Clear skies were forecast today, so I got the Mak 127 out early in the afternoon so it would be cool as soon as I wanted to use it. Then the clouds rolled in and it started to rain. I was certain another night’s viewing would be written off because of poor seeing in the moist air.
Sometimes it’s pleasant to be wrong. By 10pm the clouds had cleared nicely and whilst there was a certain amount of haziness around the horizon, the sky generally was clear, bright and steady. Just as well, as I wanted to try out my new illuminated reticle eyepiece as well as counting the stars in Orion for the CPRE Star Count.
To centre a planet in the webcam image my usual method thus far has been to start with a 32mm or 25mm eyepiece and centre the image then keep stepping down the focal lengths to around 6mm, then add a barlow, and finally swap to the webcam, swapping back and forth with an eyepiece if it didn’t immediately show up on-screen. Plunging straight in, I lined up Mars with the RDF, centred it in the new eyepiece, added the barlow and re-centered and then switched to the webcam. The image of Mars was immediately visible in the capture program and needed nothing more than a little refocusing. I was most happy with this improvement and set about capturing some images.
That done I spent a bit of time just re-familiarising myself with the winter skies. There have been precious few opportunities to get out under good skies in the last six months, so I’m a bit rusty. Six stars were easily visible in the Pleiades, perhaps seven at a push, and the Beehive Cluster was quite clear for direct viewing with the naked eye, so I broke out the binoculars and took a closer look.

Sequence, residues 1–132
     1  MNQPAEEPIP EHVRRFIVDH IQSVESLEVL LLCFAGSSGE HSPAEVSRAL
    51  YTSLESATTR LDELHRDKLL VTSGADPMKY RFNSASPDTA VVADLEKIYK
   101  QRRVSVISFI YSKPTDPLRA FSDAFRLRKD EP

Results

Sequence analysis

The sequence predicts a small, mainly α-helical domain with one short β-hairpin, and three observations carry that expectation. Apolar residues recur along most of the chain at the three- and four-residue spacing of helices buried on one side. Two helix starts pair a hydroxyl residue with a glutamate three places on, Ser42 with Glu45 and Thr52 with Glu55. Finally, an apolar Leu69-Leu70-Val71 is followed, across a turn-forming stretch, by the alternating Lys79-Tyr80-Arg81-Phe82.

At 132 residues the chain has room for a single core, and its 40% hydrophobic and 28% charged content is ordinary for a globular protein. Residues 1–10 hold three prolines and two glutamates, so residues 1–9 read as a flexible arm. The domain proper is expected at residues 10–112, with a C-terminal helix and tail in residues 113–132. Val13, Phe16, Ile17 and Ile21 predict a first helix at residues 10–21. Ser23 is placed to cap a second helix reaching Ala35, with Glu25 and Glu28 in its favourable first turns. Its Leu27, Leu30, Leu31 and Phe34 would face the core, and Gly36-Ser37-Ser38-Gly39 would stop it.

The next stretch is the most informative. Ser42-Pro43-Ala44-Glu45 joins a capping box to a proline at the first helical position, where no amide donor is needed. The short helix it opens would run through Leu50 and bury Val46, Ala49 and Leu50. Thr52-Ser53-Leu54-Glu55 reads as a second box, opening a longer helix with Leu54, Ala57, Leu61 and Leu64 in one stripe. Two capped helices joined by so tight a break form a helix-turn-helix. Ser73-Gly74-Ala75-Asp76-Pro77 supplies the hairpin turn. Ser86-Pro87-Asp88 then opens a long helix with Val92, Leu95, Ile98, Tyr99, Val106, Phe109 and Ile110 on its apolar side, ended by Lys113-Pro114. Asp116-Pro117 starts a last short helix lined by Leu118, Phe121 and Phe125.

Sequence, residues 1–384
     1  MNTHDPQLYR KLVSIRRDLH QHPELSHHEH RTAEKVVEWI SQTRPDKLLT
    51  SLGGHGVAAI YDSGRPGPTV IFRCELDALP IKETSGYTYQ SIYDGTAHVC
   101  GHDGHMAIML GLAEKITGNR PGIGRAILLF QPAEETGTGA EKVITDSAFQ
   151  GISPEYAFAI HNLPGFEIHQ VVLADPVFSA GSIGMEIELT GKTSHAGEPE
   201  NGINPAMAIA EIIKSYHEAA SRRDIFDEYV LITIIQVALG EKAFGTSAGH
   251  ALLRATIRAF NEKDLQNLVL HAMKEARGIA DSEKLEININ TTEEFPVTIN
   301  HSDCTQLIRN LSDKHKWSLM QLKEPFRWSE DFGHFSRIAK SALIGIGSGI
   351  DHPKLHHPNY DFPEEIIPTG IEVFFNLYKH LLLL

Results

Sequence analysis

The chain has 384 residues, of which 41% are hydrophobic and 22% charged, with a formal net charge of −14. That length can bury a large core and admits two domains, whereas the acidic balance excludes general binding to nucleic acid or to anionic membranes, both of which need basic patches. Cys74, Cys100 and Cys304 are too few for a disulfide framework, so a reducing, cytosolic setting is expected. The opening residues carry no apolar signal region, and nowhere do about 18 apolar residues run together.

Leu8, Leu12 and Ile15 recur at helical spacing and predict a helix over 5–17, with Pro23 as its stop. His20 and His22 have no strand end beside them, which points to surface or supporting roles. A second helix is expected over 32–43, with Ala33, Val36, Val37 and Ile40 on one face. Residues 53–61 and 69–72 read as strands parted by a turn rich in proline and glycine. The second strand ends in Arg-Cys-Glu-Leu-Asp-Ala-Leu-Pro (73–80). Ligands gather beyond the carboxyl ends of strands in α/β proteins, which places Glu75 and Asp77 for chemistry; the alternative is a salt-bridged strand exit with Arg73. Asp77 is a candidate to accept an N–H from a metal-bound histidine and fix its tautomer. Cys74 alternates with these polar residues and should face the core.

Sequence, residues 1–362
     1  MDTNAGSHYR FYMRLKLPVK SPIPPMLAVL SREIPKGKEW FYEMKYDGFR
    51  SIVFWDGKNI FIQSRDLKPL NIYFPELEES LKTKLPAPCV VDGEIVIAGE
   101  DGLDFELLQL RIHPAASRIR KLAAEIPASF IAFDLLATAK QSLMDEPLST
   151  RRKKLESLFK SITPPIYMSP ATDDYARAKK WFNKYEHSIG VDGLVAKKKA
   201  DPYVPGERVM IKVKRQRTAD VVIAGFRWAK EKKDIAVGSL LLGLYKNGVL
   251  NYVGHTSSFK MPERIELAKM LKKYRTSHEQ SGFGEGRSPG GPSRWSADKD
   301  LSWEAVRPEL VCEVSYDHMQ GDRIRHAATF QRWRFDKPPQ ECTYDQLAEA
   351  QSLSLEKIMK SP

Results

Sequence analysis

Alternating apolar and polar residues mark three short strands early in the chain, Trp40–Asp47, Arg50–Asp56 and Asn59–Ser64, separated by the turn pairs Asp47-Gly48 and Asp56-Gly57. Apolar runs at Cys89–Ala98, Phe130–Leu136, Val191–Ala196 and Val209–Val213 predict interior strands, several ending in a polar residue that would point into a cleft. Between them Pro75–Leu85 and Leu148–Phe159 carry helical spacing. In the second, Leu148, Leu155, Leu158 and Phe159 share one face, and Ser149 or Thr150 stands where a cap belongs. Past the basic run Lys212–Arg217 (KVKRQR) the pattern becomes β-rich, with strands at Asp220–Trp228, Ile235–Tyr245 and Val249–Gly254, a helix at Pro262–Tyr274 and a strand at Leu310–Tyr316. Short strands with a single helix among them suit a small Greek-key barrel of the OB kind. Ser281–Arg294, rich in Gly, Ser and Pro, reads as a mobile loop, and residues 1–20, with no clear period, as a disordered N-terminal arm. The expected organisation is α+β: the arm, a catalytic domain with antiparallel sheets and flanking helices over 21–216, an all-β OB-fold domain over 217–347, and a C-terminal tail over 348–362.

As soon as I put the eyecups up to my eyes a large fuzzy blob leapt out of the sky, causing me a few moments confusion. It didn’t look like I remembered M44 at all. It took a few moments to dawn on me that it was M67 I was looking at and a quick slide northwards revealed the Beehive in all its glory. Swinging back to Orion I had to have a look at the nebula. Not a huge amount of detail visible with the binoculars, but the extent of the gas cloud was vibrantly clear and impressive.
Three of the first few Messier objects I saw through a telescope were M36, M37 and M38 in Auriga. I clearly remember spending a couple of nights working out how to find them, probably with the ST80. Auriga was right in front of me now, so I scooted across to the southern end and hopped up to the first one following a “bent tuning fork” asterism. Within five seconds I’d located all three with ease. Having collected almost half “the set” now, it’s surprising how much easier it is to recognise a grey fuzzy blob when you see one…
Remembering that I also wanted to count the stars in Orion I ran through the constellation a few times picking them out. The “rules” are to count as many stars as possible visible with the naked eye within the rectangle formed by Betelgeuse, Bellatrix, Rigel and Saiph. The “belt” stars count, but the four corners don’t. After a couple of recounts I decided that twenty-five was a fair result. I could possibly pick out a couple more with averted vision, but I couldn’t be sure.
By this time it was gone 1am and the sky was starting to become quite hazy so I happily decided to call it a night. More clear skies are forecast for the tail end of the week. Hopefully I can get some footage of Venus and Jupiter, and perhaps go hunting a few binary stars.